Silk : An ancient wonder material

  • Silk is a biocompatible biodegradable sustainable protein based fiber with high tensile strength - 70-75% of silk is made of a protein fibroin which is hydrophobic beta sheet blocks, interrupted by small hydrophilic groups and a glue-like protein, sericin, comprising 25-30 % by weight.
  • Widespread usage for biomedical applications - The beta-sheets contribute much to the high mechanical strength of silk fibers, around 740 MPa, which is tens of times that of poly(lactic acid) and hundreds of times that of collagen.
  • Silk Bio Foundries - Industrial Production of Silk based biomaterials - The impressive mechanical strength coupled with its biocompatibility and biodegradability makes silk very competitive for applications in biomaterials. In addition, the properties of silks from various kinds of silkworms vary widely, which provides more choices for their use in tissue engineering.
  • Traditional usage in Fabrics - Typically associated with luxury; fabrics like satin, charmeuse, habutai, chiffon, taffeta, crêpe de chine, dupioni, noil, tussah, and shantung are all based on Silk
  • Transient Electronics - Silk as a base ingredient in biodegradable electronics is lately being discussed in literature

Silk in India

  • India produces four types of silks. They come from distinct species of silkworms which produce silks that differ in their protein sequence and hence also exhibit distinct physical properties.
  • Mulberry silk contributes to majority of silk production while Eri silk is a distant second.
  • Eri, Tasar and Muga are still referred to as Wild Silk since the corresponding silkworms have not been domesticated to the extent of Mulberry Silkworm (Bombyx Mori).

Eri Silk: Our venture is on large scale robust production of Eri or Ahimsa Silk produced by partially domesticated silkworm “Samia Ricini”  native to North East India. Samia Ricini is a polyphagous insect primarily raised on two abundant commercial crops cultivated in India, Castor and Tapoica.
The cotton like texture of the Eri cocoon does not necessitate the pre-mature death of pupae, therefore popularized as – “Ahimsa Silk”. Eri Silk is known to facilitate body temperature regulation allowing its usage in all seasons.

Ironically yet importantly, Ahimsa silk producing Eri Pupae is an important ingredient in many culinary delicacies across  north eastern states of India as well as South east asian countries.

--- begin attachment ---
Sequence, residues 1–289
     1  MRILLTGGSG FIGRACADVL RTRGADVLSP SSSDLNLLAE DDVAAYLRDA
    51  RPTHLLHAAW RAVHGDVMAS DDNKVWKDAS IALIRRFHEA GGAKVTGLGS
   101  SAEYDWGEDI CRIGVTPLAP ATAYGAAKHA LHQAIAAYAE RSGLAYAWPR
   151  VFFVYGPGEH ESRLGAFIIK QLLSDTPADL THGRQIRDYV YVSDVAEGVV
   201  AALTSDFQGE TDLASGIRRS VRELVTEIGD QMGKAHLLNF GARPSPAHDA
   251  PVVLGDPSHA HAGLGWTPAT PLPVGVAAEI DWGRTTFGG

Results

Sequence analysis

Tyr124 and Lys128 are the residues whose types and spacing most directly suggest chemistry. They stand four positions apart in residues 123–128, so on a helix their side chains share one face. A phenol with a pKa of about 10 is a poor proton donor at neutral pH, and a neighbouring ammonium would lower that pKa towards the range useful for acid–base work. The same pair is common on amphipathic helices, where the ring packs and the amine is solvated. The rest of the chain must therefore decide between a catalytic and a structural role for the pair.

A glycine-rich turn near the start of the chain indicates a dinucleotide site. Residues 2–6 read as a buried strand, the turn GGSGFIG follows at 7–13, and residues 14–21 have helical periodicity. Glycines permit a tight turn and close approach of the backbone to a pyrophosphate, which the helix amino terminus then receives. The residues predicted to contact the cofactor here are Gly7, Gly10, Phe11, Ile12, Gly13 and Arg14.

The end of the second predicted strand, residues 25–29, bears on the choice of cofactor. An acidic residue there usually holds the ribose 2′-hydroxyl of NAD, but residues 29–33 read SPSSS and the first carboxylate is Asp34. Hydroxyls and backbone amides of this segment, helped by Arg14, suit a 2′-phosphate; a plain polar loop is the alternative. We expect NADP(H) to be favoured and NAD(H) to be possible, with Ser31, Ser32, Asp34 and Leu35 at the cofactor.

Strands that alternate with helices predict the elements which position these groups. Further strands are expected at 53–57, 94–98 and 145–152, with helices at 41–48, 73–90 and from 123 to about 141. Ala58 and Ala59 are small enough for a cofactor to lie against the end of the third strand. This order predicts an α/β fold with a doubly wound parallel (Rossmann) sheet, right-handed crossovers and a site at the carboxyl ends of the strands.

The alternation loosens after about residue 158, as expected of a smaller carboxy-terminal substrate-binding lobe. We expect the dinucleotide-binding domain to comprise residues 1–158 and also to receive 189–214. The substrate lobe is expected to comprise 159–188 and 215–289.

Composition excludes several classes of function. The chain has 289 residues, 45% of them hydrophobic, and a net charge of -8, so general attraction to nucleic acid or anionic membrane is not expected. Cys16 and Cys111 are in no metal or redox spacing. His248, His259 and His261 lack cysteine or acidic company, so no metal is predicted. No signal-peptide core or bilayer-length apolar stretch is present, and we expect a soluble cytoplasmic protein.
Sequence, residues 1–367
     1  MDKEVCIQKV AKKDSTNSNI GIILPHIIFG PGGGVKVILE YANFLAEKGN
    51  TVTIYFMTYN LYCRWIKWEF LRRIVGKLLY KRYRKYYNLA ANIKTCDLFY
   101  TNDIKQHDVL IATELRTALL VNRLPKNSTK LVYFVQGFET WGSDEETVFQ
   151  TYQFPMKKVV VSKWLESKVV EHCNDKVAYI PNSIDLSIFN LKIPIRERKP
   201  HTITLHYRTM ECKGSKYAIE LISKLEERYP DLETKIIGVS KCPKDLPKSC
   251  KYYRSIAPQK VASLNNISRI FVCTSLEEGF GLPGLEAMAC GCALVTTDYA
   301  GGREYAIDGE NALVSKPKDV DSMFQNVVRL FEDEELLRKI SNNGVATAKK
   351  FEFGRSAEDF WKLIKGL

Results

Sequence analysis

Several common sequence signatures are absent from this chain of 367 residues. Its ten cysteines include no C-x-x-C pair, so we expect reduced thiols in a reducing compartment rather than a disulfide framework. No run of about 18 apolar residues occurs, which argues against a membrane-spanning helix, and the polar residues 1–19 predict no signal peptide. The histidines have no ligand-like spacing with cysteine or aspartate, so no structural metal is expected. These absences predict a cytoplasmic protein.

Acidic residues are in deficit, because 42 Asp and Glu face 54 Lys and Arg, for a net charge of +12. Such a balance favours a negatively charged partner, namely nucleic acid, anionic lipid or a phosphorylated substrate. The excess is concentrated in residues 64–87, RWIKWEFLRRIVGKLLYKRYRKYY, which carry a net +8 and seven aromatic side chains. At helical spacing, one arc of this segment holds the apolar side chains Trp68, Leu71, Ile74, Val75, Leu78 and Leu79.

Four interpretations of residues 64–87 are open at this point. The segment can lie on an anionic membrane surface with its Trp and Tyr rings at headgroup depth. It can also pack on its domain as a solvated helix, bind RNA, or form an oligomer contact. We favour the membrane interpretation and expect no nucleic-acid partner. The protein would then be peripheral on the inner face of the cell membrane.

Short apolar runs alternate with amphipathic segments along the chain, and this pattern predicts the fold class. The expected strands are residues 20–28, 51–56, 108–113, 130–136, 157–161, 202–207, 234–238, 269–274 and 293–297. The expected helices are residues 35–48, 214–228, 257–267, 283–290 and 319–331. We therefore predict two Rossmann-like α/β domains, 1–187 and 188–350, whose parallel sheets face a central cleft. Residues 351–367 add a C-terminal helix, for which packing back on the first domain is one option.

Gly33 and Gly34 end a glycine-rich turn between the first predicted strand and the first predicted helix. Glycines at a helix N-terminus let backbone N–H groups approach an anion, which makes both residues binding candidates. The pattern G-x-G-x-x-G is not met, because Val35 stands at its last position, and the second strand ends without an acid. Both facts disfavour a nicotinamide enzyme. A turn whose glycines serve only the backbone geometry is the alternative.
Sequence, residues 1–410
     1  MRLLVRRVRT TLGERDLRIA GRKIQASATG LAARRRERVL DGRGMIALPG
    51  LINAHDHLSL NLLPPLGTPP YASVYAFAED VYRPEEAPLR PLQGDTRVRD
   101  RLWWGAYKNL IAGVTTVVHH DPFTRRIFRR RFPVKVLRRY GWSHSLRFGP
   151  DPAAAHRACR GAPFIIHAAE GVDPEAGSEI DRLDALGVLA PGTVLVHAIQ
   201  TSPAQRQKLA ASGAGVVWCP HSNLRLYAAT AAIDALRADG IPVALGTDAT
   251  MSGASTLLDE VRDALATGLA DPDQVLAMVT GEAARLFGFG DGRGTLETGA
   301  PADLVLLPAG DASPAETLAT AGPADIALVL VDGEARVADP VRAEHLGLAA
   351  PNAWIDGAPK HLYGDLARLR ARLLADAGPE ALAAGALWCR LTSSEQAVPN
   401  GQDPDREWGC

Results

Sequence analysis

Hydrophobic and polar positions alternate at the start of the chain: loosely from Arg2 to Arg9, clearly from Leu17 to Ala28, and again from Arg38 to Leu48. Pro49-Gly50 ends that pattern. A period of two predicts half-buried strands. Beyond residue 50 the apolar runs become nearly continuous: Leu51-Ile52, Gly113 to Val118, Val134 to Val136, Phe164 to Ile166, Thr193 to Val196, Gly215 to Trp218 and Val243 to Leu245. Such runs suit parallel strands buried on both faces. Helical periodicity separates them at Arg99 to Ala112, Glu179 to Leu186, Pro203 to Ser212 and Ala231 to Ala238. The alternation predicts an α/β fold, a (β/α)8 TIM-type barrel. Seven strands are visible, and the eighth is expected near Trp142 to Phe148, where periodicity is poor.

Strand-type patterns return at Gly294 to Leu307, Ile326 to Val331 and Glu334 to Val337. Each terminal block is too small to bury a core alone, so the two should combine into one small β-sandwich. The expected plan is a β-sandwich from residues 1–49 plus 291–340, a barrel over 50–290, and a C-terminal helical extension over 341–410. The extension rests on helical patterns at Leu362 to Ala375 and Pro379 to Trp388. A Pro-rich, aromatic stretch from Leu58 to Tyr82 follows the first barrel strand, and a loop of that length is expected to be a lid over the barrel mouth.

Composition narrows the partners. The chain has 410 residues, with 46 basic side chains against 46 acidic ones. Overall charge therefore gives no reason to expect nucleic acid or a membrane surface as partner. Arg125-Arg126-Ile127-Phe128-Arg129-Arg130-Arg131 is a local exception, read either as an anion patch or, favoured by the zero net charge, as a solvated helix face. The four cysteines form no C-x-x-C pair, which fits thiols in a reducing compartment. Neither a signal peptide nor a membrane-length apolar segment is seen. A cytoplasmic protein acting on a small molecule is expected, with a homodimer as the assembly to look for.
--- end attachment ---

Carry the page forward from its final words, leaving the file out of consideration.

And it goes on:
Eri Silk Foundries - More than just Silk

Silk Foundry addresses the current issues of farm waste processing, climate friendly protein production and sustainable and efficient biomaterial production

We are building automated feeding and monitoring system for mass rearing of silkworms

We use farm residue from Castor (Ricinus communis) and Tapioca (Manihot esculenta) plantations to make a semi artificial diet to feed silkworms

The silkworms then make a cocoon and become pupae. The protein rich pupae are consumed in north eastern states of India and neighboring countries of the south-east Asia. The cocoon shells are used to make lustrous Eri silk.

Feeding the human population sustainably

A decade ago, the world consumed around a thousand million metric tons of animal based protein. And in the coming three decades the demand for animal protein is set to reach around 1600 million metric tons. An increase of around 60% [global food outlook 2012 and 2013 by Food and Agriculture Organization (FAO) of the UN]

In 2018 the farm animals consumed around thousand billion tons of compound animal feed worth 400 billion USD. As the demand for animal protein goes up the demand for feed for animal protein is also set to double by 2050 [The International Feed Industry Federation,].

Crop residue In India: Problem and an opportunity

  • Crop residue are unused parts of our crops such as leaves and stems
  • India produces huge quantities crop residue every year
  • If not managed properly they can contribute to greenhouse gas emissions via decomposition and in some cases where it is burned can cause serious air pollution.
  • On the other hand the huge quantities of this biomass also presents a great opportunity for upcycling via Silk Foundries


Automation is the key to the scalability of this venture. Hence we have developed tools and systems for automating every step of the entire process, from farm waste collection to processing the silk. Some examples of these efforts are shown above.
  • Our semi-artificial diet (SAD) reduces one of the major constraint for perennial silkworm rearing.  The rearing could be done anywhere as long as correct environmental constraints are maintained. We are in process of filing a patent application for our novel SAD formulation.
  • We have adopted the open-source Farmbot into a Silkbot and have created a feeder module for our automated feeding system.
  • Silknet is encoder-decoder convolutional neural network  that monitors the growth, movement and health of the silkworms. Silknet is key in early disease monitoring of the larvae. Silknet is available as an open-source tool.